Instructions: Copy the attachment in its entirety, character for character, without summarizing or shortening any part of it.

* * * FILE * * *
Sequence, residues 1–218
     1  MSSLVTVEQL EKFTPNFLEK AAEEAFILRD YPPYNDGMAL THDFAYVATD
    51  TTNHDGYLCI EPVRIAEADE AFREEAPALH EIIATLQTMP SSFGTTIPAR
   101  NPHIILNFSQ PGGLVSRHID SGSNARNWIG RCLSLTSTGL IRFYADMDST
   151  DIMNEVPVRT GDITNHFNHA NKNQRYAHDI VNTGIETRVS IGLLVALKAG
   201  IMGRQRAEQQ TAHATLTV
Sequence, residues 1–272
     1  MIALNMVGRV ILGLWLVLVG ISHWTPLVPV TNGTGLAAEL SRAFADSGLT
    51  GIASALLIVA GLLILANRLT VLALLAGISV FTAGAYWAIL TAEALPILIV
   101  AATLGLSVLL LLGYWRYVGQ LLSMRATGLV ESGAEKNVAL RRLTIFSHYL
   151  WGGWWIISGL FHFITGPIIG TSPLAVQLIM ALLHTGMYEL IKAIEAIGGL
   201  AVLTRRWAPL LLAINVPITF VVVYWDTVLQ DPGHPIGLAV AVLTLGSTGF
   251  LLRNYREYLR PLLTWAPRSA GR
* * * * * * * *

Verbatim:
Sequence, residues 1–218
     1  MSSLVTVEQL EKFTPNFLEK AAEEAFILRD YPPYNDGMAL THDFAYVATD
    51  TTNHDGYLCI EPVRIAEADE AFREEAPALH EIIATLQTMP SSFGTTIPAR
   101  NPHIILNFSQ PGGLVSRHID SGSNARNWIG RCLSLTSTGL IRFYADMDST
   151  DIMNEVPVRT GDITNHFNHA NKNQRYAHDI VNTGIETRVS IGLLVALKAG
   201  IMGRQRAEQQ TAHATLTV
Sequence, residues 1–272
     1  MIALNMVGRV ILGLWLVLVG ISHWTPLVPV TNGTGLAAEL SRAFADSGLT
    51  GIASALLIVA GLLILANRLT VLALLAGISV FTAGAYWAIL TAEALPILIV
   101  AATLGLSVLL LLGYWRYVGQ LLSMRATGLV ESGAEKNVAL RRLTIFSHYL
   151  WGGWWIISGL FHFITGPIIG TSPLAVQLIM ALLHTGMYEL IKAIEAIGGL
   201  AVLTRRWAPL LLAINVPITF VVVYWDTVLQ DPGHPIGLAV AVLTLGSTGF
   251  LLRNYREYLR PLLTWAPRSA GR